DAQInterface should handle double-includes
Earlier this week on ProtoDUNE, problematic runs occurred because an experimenter accidentally double-included a *.fcl file which contained a routing_table_config table definition into his boardreader. The consequence of this is that DAQInterface bookkept the first table but not the second table, and as is standard in FHiCL the second, non-bookkept table definition clobbered the first one.There are a couple of ways DAQInterface's handling of this situation could be improved:
- Make sure that whenever it bookkeeps a variable, be it an atomic, a list or a table, it bookkeeps the last-appearing instance, and not the first-appearing instance
- Have it throw an exception in the event that a variable gets defined twice
Either of these approaches would have prevented this week's headaches, and each has its advantages and disadvantages. The first approach would allow things to "just work", but on the other hand, a doubly-defined variable is a classic instance of "code smell", and the user's error would have been kicked under the rug in this approach. The second approach would cause things to fail loudly rather than quietly, but then the question arises as to whether there are reasonable scenarios where users perform double-definitions.
#1 Updated by John Freeman 6 months ago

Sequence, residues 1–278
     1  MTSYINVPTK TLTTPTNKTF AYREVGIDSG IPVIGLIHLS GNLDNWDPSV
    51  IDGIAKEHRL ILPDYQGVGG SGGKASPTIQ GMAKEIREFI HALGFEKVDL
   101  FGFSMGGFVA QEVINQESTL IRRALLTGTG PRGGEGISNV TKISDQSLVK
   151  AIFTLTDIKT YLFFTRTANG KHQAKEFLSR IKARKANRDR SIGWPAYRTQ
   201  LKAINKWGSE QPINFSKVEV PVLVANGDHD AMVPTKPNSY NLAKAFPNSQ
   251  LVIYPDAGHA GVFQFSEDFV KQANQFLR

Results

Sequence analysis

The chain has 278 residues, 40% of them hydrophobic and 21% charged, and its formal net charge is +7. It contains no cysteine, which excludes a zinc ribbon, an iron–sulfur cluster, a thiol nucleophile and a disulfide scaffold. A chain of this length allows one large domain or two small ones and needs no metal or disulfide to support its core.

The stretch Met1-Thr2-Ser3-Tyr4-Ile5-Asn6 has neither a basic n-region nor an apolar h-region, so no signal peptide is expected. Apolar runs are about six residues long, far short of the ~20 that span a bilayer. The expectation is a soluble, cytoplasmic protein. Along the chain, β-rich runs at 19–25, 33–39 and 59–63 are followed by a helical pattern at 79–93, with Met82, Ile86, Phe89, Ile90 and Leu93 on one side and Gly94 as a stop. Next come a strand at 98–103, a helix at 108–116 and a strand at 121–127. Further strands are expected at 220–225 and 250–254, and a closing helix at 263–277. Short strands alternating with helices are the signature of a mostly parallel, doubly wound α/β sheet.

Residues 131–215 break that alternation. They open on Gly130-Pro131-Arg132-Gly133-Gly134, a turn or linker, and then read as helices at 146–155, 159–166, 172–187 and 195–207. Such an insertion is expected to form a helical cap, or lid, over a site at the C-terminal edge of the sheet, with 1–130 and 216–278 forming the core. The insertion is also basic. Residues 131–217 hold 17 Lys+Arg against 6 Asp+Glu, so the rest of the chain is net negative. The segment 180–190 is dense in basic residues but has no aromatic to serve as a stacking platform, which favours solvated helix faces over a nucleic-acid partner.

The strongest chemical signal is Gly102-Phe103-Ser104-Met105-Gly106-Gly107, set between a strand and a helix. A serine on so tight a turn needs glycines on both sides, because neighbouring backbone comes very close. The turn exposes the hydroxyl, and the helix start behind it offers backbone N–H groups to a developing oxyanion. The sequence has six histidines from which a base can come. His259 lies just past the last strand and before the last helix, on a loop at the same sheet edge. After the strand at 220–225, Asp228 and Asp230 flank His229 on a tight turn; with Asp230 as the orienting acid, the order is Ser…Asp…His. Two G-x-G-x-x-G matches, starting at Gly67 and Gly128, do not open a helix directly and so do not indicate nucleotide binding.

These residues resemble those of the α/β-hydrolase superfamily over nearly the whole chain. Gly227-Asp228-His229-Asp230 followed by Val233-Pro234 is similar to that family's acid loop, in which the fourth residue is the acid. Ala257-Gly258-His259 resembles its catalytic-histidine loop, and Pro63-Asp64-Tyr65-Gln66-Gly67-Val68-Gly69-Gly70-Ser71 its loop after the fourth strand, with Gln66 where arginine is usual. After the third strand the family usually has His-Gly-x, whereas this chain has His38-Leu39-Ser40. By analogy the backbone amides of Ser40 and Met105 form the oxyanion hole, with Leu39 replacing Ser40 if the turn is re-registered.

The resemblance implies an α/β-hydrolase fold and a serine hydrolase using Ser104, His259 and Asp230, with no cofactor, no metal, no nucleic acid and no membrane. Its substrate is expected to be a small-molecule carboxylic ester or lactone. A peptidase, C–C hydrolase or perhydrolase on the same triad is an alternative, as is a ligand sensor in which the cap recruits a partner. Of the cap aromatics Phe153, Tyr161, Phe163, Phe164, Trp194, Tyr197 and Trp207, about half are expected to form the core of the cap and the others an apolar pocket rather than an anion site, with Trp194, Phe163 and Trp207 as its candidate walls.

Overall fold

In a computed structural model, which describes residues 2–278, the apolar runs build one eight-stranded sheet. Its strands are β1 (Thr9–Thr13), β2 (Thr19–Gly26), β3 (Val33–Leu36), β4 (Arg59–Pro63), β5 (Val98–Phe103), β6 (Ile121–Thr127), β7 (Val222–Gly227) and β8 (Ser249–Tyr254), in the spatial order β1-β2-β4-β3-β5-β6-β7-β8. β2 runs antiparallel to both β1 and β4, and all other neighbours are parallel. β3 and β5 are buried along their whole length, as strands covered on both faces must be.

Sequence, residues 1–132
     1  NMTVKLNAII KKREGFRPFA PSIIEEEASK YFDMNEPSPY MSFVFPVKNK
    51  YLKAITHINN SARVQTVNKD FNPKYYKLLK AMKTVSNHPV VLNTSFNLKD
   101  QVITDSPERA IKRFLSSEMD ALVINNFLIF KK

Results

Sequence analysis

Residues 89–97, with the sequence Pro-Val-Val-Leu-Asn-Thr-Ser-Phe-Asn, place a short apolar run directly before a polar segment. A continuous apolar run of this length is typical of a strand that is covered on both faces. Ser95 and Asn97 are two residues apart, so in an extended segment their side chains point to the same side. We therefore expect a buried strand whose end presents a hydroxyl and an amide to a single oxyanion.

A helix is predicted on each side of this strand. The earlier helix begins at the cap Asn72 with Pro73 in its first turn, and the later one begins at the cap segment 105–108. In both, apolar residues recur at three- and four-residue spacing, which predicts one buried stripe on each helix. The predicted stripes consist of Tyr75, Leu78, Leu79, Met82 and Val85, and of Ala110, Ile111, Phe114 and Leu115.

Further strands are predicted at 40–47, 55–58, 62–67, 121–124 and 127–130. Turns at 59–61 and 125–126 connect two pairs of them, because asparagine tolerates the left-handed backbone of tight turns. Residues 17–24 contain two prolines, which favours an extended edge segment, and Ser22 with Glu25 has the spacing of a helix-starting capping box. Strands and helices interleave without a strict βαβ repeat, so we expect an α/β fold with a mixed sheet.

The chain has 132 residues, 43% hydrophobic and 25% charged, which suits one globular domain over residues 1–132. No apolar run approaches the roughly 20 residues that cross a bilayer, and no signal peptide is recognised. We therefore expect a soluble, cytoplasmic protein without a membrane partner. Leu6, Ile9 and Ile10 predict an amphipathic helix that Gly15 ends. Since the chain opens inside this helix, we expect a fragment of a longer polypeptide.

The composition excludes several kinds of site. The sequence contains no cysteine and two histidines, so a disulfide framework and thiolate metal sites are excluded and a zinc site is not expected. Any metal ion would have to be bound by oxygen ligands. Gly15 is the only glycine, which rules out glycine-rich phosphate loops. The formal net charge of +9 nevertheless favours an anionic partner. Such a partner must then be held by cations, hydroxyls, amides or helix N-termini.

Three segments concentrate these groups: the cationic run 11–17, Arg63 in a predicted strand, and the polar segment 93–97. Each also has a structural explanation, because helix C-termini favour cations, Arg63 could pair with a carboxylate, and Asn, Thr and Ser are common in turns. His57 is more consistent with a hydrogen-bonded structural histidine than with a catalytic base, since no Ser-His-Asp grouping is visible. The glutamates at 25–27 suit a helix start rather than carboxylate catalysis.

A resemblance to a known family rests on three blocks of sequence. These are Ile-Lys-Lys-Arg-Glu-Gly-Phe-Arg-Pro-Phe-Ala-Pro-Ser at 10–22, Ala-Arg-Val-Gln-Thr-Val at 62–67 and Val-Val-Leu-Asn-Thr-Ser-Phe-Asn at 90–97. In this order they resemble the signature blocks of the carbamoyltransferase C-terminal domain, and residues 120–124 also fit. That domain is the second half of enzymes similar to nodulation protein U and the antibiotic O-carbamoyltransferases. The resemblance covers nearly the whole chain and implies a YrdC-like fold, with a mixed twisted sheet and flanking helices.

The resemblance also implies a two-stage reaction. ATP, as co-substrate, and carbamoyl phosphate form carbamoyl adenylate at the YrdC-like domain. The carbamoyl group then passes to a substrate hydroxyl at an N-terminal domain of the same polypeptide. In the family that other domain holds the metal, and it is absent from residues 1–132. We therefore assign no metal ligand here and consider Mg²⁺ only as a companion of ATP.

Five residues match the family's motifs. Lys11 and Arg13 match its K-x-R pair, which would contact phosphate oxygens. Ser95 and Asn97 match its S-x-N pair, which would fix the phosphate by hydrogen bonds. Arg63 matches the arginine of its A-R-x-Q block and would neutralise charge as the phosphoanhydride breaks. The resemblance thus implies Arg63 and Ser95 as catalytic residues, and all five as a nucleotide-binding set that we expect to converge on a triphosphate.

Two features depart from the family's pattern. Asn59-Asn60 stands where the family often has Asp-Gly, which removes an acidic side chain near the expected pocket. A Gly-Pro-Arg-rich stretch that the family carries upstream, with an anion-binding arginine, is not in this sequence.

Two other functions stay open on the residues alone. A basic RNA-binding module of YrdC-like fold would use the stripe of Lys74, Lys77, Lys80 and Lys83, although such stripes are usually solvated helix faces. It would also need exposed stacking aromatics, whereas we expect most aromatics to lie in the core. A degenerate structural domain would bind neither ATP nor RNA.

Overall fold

- % Done changed from 0 to 100
- Status changed from New to Resolved
This issue is fixed with commit efaf52cac40d05e6d752d184c15de1aa71d71fad on branch bugfix/23725_handle_double_includes. Interestingly, the issue of a non-bookkept variable clobbering a bookkept one is specific to tables involved in process routing. In all other cases, either specific variables are bookkept via the "sub" function from the "re" module (which does global substitution), or we're dealing with a "sources" or "destinations" table, and Kurt put in code to handle the case of multiple such tables in a given file. So, I simply added a check where an exception is thrown if a given routing-related table appears more than once in a file. In the case of the ProtoDUNE issues earlier this week, this change would have caused an immediate, easy-to-spot error rather than a mysterious, hard-to-spot one.